‘Will this work with your bike, madame?” Fortunately it wasn’t a complicated piece of machinery I was being asked about, but a glass of fine French white, produced in the Loire Valley, ready to be tasted.
And despite a kind vineyard owner’s concern, it turns out the beauty of a cycling holiday means that the odd glass of vin blanc or rouge does indeed “work”.
Thanks to Sir Bradley and his compatriots’ stunning success at the London Olympics, cycling has seen a huge resurgence. More people are finding the idea of getting in the saddle appealing, and some tour operators are reporting a whopping 300 per cent boost in the sale of cycle holidays.
This year also marks the 100th anniversary of the Tour de France and, in August, 20,000 amateur cyclists will take part in a 100-mile race along the 2012 London Olympic route as part of the world’s largest cycling festival, RideLondon.
With so much buzz around a sport based on something pretty much all of us did as a child, my husband and I decided to see what all the fuss was about. But rather than racing up mountains and through valleys, we chose a gentle jaunt around the Loire Valley in central France.
Armed with some well-equipped bikes - loaded with panniers, trip monitors to calculate speed and repair kits - and just a map and set of directions, it was up to us to negotiate the 25-35 mile route each day.
Easy, you might think, but it certainly proved to be a challenge in some parts. The odd wrong turn led to a few extra miles and a quick reassessment of our location, as well as - needless to say - a few heated exchanges.
The silver lining of that cloud was the achievement of solving the problem and getting “back on track”.
Some people might choose to move their own luggage but we travelled in style, with our cases transported for us. In fact, the only real hardship was the occasional grey, drizzly day.
But isn’t that the fun of adventure? The thrill of successfully navigating an unknown route, getting up hills you didn’t think you could, while taking in beautiful sights, interesting history and a bucket-load of culture, makes a wonderfully-deserved glass of wine and dinner at your destination taste even better.
The Loire Valley has a reputation for fine wine and great food - along with great art, architecture and 300 chateaux to discover. In fact, every town we pedalled through had its own grand ‘residence’ - ranging from a majestic construction that overlooks bourgeois Saumur to more intimate buildings that have been converted into hotels - many of which we stayed in.
The advantage of cycling is having plenty of time to admire historic buildings and their grounds.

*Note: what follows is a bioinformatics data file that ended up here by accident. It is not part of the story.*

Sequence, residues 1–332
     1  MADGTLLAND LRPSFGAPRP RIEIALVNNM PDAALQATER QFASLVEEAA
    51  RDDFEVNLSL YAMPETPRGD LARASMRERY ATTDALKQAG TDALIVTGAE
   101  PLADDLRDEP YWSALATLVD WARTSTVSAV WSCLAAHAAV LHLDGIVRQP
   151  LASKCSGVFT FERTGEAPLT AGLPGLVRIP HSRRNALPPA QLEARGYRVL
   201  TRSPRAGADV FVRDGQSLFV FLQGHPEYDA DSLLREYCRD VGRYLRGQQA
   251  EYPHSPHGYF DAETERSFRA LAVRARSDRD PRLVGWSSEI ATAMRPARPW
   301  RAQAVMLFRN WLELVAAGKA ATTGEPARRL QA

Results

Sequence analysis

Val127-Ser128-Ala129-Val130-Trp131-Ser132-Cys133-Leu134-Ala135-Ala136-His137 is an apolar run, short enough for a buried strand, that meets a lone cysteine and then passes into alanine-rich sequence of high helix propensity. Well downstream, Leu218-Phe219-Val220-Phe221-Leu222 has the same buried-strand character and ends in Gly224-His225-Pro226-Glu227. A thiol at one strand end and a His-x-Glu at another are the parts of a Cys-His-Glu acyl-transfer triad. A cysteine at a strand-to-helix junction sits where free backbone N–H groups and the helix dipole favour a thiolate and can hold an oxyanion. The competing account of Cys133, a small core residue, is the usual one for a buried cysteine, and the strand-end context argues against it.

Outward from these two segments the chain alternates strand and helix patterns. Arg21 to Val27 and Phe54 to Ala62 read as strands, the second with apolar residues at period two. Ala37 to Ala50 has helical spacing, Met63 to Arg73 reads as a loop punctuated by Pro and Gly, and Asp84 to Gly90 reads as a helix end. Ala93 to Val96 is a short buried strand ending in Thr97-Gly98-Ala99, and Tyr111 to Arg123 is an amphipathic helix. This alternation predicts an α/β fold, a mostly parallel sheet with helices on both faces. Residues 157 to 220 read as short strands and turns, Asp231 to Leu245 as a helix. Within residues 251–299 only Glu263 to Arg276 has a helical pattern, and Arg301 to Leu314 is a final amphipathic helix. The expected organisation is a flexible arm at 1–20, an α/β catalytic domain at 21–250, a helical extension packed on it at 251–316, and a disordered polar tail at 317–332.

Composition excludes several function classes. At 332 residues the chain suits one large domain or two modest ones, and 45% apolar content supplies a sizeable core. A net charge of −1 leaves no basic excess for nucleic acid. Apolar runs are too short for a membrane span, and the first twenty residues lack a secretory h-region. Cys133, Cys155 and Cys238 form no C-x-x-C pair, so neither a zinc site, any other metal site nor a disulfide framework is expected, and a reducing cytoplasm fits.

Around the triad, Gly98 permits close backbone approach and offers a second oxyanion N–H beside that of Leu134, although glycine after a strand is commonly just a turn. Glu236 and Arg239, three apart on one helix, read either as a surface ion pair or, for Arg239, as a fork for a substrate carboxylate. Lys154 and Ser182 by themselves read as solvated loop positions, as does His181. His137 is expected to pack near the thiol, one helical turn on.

Straddling the Cher River, Chenonceau was once at the centre of a dispute between Catherine de Medici, wife of Henry II of France, and her husband’s long-time lover Diane de Poitiers.
Even more striking are the three-tiered gardens at Villandry and the horticultural work of art created by the Countess of Venant at the Chateau de Valmer. The picturesque towns and villages of the Loire are rich in history. Amboise, with its own towering castle, is home to the Manoir du Clos Luce, where Leonardo da Vinci lived the final three years of his life. Despite being bombed during the Second World War, Tours still has a wonderful old town with leaning wooden-beamed buildings and cobbled streets.
The tiny towns of Montrichard (made of “tuffeau” sedimentary rock featuring compressed fossils and sand) and Fontevraud (famous for its abbey which once housed both a nunnery and a monastery) were both perfect places to stop off for simple refreshments.
The pace of cycling is a great way to enjoy the scenery. From quiet roads along the banks of the Loire, as well as its sister rivers, to custom-made gravel tracks with picturesque picnic areas, we made our way across the valley.
The panorama across acres of vineyards in Vouvray looked even more beautiful because I’d reached the vantage point by my own steam, while the thrill of zooming downhill through the same vineyards into tiny French towns was pretty exhilarating, to say the least. We bumped over dirt tracks, negotiated busy towns, wheezed up impossible-seeming climbs to chateaux perched on the tops of hills, and each time came out smiling. There was even a smile after the copious amounts of tumbles from this particularly amateur Victoria Pendleton.
Best of all was stopping off for a well-earned treat. As someone who’s virtually always on a diet, I welcomed the opportunity to eat guilt-free thanks to so much exercise. Starting the day with a buttery, melt-in-the-mouth pastry can put a grin on anyone’s face.
We supped on traditional French cider along the way, stopped for galettes - savoury buckwheat pancakes stuffed with all manner of good things - and crepes. Evenings were feasts of meat, cheese and red wine - all the perfect tonic for tired and weary muscles.
During the day, we sampled fine wines in many of the “caves” (underground cellars). It’s perfectly acceptable to arrive on your bike, take a small tour, then try the vineyard’s produce before buying a bottle or two and going on your merry way.
A cycling holiday in the Loire is a wonderful way of taking in stunning scenery, sampling fine cuisine, and challenging yourself to something you probably weren’t quite sure you could do.
The wine’s not bad either.
Ellen Branagh was a guest of Macs Adventure on their six-day Chateaux Of The Loire Valley In Style cycling holiday, graded as “moderate”. Price, from £1,335 per person, includes accommodation at luxury hotel-chateaux, luggage transfer from hotel to hotel each day, breakfast, some evening meals, maps and route plans. For more information and to book, visit www.macsadventure.com or call 0141 530 1950.
Train fares from London to Amboise start at £96 standard class return per person, with journey times from 4 hours 48 minutes.
To book, contact Rail Europe (0844 848 4070; www.raileurope.co.uk).